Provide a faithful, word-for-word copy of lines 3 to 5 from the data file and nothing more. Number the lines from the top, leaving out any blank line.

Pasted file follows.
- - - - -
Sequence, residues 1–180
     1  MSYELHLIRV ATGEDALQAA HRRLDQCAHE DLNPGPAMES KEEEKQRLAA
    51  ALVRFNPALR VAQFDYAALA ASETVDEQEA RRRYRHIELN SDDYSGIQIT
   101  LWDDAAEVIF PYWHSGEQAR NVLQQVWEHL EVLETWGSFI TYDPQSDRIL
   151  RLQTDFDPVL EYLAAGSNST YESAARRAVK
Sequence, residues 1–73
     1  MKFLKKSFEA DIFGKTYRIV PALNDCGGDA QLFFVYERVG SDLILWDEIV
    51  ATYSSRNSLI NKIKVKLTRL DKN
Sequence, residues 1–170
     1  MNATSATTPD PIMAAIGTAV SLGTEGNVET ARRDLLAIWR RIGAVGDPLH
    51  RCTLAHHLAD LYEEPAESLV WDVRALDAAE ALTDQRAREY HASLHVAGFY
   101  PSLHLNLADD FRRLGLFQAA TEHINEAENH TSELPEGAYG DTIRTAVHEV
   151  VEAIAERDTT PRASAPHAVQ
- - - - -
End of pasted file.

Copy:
    51  ALVRFNPALR VAQFDYAALA ASETVDEQEA RRRYRHIELN SDDYSGIQIT
   101  LWDDAAEVIF PYWHSGEQAR NVLQQVWEHL EVLETWGSFI TYDPQSDRIL
   151  RLQTDFDPVL EYLAAGSNST YESAARRAVK